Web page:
I first wrote about Silego and their GreenPAK (GPAK) devices a couple of years ago. (See: Silego’s GreenPAK – Design and program a custom chip in minutes.) The way I think of GPAK chips is as super-small mixed-signal FPGAs that you can design and program in just a few inutes and that cost just a few cents each.
At that time, Silego's GPAK1 devices were presented in tiny 8-pin 2mm x 2mm surface mount packages. With an operating voltage of 3.3V, GPAK1 components contained one 8-bit SAR analog-to-digital converter (DAC), two analog/digital comparators, one internal voltage reference, seven lookup tables (LUTS) (2 x 2-bit, 4 x 3-bit, and 1 x 4-bit), three flip-flops/latches, one pulse-width modulator (PWL), three counters/delays, and one internal oscillator.
Sometime later, Silego introduced its GPAK2 devices. (See: Yes! Silego’s GreenPAK 2 chips and mini-dev boards are here!.) These are a little larger, with 12 pins presented in a 2.5mm x 2.5mm package. Supporting an operating voltage of 1.8 to 5.5V, these devices offered increased functionality, including three analog/digital comparators, eleven LUTs (4 x 2-bit, 6 x 3-bit, and 1 x 4-bit), four flip-flops/latches, three PWMs, four counters/delays, and an SPI interface.
Now, I'm delighted to hear that Silego has just unveiled its GPAK3 family. The new SLG46721 and SLG46722 devices allow designers to integrate up to 30 discrete and passive components into a single device in a tiny package (2mm x 3mm).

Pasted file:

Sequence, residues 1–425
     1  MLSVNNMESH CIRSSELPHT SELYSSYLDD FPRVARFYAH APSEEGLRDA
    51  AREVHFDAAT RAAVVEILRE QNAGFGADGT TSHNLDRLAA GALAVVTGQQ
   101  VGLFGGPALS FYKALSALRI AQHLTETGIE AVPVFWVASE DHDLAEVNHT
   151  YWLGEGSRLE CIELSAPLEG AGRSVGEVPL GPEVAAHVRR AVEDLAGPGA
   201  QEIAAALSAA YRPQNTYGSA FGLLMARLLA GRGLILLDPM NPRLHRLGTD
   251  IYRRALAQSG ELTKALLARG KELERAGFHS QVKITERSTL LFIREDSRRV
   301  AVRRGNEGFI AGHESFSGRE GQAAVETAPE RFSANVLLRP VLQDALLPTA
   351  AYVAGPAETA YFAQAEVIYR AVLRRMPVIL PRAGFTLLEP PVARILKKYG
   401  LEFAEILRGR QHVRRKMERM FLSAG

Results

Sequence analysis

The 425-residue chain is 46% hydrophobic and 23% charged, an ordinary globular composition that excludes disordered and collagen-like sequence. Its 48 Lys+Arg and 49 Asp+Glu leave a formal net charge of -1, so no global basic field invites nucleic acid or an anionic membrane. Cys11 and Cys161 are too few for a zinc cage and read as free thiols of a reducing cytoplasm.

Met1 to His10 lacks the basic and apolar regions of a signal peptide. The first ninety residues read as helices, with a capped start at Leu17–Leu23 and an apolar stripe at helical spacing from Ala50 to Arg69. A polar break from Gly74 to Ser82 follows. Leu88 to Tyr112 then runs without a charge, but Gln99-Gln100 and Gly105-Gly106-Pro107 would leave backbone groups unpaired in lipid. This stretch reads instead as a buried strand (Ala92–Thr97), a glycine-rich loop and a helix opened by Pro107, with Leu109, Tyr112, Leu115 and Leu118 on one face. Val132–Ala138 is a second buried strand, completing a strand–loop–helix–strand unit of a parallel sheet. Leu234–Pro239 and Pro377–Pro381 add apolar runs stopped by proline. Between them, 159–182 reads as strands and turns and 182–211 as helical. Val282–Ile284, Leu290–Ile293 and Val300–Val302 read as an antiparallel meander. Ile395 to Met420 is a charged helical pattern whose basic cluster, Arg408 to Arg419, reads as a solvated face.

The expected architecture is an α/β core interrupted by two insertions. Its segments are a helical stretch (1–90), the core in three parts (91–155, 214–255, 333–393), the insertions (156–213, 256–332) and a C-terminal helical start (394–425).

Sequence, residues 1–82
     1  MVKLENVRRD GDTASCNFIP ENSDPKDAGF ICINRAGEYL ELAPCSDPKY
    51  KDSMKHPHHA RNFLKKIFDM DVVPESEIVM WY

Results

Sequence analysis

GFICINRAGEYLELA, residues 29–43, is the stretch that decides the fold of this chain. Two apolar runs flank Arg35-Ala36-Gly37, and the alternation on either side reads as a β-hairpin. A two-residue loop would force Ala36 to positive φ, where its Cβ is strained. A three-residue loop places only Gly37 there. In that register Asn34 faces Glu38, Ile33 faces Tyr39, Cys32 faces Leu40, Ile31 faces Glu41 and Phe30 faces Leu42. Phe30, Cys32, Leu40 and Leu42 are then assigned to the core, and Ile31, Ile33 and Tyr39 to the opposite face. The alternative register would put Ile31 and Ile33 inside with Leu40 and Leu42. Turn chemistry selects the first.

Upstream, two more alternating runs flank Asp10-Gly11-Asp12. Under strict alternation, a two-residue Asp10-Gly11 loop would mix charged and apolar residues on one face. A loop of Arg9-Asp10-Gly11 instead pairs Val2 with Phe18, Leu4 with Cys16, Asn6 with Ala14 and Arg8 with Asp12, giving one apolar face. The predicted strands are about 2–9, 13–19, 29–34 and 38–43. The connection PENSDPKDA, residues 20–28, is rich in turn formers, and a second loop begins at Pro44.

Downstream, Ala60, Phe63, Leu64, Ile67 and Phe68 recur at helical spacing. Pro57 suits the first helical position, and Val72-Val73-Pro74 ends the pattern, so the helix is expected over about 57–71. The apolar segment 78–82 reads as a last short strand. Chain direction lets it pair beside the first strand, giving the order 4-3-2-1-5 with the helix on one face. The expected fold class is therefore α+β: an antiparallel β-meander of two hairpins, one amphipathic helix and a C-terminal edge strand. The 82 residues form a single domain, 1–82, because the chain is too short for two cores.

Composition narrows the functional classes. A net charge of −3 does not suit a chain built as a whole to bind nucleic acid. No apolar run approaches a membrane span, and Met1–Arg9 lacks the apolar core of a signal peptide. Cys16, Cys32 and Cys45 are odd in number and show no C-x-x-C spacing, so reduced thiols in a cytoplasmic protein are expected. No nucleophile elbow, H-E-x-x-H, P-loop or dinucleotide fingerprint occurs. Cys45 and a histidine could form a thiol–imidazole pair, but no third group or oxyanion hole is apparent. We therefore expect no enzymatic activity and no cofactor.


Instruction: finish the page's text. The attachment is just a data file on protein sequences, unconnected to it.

The 20-pin (18-I/O) GPAK3 devices offer increased capacity, functionality, performance, and precision. These new devices can support a host of applications, including power supply sequencing, sensor interfaces, programmable resets, and lighting control. Targets include medical devices, scientific instruments, industrial control systems, telecom systems, and consumer devices like digital cameras, smartphones, and tablet computers.
The associated GPAK Designer software is a 100% graphical user interface (GUI) that allows engineers to capture their circuits without requiring any code, compilers, or library files. There's also an associated development board.
If you want to discover more about GPAK devices and the GPAK Designer software -- including pricing, samples, datasheets, and technical information -- visit Silego.com.
Personally I think the GPAK concept is wonderful. I love the idea of an incredibly low-power mixed-signal FPGA that allows me to quickly and easily implement the same functionality as 30 discrete components, thereby offering dramatically savings in terms of cost, power, and PCB real estate.
Of course, these devices really shine when it comes to large production runs. However, since I just discovered that the minimum order is now only 10 parts, I'm seriously thinking of using some of these in my Inamorata Prognostication Engine project (I can use a SMT to LTH adapter if necessary). Maybe Duane and I should add a special landing area / pad footprint on our Bodacious Screw-Block Proto-Shield for Arduino. Meanwhile, I'd be very interested to hear what you think about the GPAK concept.
— Max Maxfield, Editor of All Things Fun & Interesting